Omicron less likely than wild-type virus to result in long COVID, study suggests

Tired healthcare worker wearing N95

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Swiss researchers find that the SARS-CoV-2 Omicron variant is much less likely to lead to long COVID than the original, wild-type virus.

The research, to be presented at next month's European Congress of Clinical Microbiology & Infectious Diseases (ECCMID) in Copenhagen, Denmark, and not peer-reviewed, found that healthcare workers (HCWs) first infected with Omicron BA.1 were no more likely to have long COVID than their never-infected peers.

The team evaluated the trajectory of long-COVID symptoms in 1,201 previously infected and uninfected HCWs from nine Swiss healthcare networks in March 2021 (Q1), September 2021 (Q2), and June 2022 (Q3).

Participants were regularly tested for COVID-19 and completed symptom questionnaires; uninfected (control) participants were identified through detection of SARS-CoV-2 antibodies. Median participant age was 43 years, and 81% were women. Median follow-up was 18 months.

67% higher odds of long COVID with wild-type

The 157 HCWs infected with the wild-type virus were 67% more likely than uninfected participants to report persistent symptoms, falling to 37% in Q3. The most common symptoms were loss of smell or taste, tiredness/weakness, burnout/exhaustion, and hair loss

A similar pattern was seen in Fatigue Severity Scale (FSS) scores among wild-type–infected HCWs, with a 45% higher risk of fatigue in Q1, declining to 11% in Q3. After wild-type infection, neither Omicron infection nor vaccination affected the outcomes.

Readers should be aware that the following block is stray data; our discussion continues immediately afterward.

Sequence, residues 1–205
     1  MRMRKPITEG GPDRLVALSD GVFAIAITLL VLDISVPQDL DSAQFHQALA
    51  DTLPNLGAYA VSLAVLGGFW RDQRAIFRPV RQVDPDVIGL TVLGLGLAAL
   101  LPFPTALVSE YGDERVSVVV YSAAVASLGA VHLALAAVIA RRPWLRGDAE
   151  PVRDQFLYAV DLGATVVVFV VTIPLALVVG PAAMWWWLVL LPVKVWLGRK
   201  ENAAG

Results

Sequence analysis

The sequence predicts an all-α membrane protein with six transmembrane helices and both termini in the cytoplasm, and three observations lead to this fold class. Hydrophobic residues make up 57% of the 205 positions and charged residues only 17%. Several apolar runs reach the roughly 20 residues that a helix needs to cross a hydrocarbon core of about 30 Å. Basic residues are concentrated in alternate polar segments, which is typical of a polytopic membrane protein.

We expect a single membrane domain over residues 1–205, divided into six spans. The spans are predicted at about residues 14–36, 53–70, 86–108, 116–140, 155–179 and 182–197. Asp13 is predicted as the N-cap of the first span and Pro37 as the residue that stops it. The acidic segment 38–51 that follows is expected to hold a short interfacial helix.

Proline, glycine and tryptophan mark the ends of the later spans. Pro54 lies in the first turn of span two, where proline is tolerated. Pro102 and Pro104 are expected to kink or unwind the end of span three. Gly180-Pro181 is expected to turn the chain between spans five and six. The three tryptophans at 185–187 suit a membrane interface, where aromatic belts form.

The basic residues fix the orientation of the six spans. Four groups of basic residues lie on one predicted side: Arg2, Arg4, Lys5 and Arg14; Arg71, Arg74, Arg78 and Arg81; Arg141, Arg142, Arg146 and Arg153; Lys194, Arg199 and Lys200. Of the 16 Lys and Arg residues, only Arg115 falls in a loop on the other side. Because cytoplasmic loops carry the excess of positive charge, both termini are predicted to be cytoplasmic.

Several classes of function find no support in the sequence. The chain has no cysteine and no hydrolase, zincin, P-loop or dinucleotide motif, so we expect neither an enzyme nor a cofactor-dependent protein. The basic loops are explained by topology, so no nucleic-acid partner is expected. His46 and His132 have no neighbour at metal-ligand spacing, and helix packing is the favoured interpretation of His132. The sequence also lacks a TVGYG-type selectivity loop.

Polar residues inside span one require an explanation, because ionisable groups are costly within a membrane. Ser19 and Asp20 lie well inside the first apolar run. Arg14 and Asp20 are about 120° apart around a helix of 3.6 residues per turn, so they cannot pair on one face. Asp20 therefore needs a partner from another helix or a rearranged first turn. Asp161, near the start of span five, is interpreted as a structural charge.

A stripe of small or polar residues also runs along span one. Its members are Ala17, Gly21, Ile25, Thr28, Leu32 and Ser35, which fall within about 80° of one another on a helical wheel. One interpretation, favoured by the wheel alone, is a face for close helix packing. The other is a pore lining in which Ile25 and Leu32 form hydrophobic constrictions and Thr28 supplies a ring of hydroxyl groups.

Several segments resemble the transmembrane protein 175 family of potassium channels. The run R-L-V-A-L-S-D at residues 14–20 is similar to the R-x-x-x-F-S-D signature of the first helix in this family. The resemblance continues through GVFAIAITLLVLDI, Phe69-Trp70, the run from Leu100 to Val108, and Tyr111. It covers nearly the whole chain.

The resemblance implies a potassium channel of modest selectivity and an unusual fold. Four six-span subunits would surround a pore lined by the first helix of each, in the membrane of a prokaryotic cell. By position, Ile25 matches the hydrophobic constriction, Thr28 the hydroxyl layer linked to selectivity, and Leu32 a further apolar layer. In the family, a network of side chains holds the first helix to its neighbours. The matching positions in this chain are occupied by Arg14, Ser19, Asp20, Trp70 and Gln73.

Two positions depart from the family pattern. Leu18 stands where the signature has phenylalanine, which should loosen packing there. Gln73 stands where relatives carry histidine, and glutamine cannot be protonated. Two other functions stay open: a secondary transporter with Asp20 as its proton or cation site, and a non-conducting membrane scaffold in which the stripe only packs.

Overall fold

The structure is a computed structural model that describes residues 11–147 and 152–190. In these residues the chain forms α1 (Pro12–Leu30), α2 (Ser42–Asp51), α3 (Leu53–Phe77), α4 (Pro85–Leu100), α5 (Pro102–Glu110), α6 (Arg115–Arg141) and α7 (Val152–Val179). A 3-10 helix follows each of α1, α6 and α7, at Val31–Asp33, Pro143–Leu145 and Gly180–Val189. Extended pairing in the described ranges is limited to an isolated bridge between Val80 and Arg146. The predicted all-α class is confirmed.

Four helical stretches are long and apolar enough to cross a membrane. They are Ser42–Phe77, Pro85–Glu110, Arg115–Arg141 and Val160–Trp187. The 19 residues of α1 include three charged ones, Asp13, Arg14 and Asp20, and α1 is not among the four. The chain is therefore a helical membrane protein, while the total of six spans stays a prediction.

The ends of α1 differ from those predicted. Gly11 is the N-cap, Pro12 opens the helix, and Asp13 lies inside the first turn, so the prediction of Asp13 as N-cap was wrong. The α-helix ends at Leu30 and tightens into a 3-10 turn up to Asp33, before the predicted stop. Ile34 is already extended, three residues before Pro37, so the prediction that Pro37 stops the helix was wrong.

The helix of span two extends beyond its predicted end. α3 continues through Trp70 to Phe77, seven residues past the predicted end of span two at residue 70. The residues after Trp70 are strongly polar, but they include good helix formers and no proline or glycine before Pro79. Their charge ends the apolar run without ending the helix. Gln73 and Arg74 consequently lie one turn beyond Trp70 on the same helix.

The most common symptoms were loss of smell or taste, tiredness/weakness, burnout/exhaustion, and hair loss.

Rates of long COVID among the 429 HCWs with Omicron infections were the same as those of controls for symptoms and 8% higher for FSS. The reason for the similar rates is unknown, lead author Carol Strahm, MD, of Cantonal Hospital St. Gallen, said in an ECCMID news release.

"It's probably due to a combination of the omicron variant being less likely to cause severe illness than the wild-type virus—we know that long Covid is more common after severe illness—and immunity acquired through previous exposure to the virus through, for example, a sub-clinical infection without seroconversion," he said.

In multivariable analysis, the number of long-COVID symptoms at Q1 (adjusted rate ratio [aRR], 5.59) was most strongly tied to symptom number at Q3, but vaccination (aRR, 0.96 per dose) and reinfection (aRR, 1.19) weren't associated.

"With omicron still dominant globally today, our results should provide reassurance to those who are contracting COVID-19 for the first time, as well as those who have already had the wild-type virus," Strahm said. "It is, however, important to note that the participants in our study were mainly healthy, young, vaccinated women, and the results might be different in a sicker, elderly and/or unvaccinated population."

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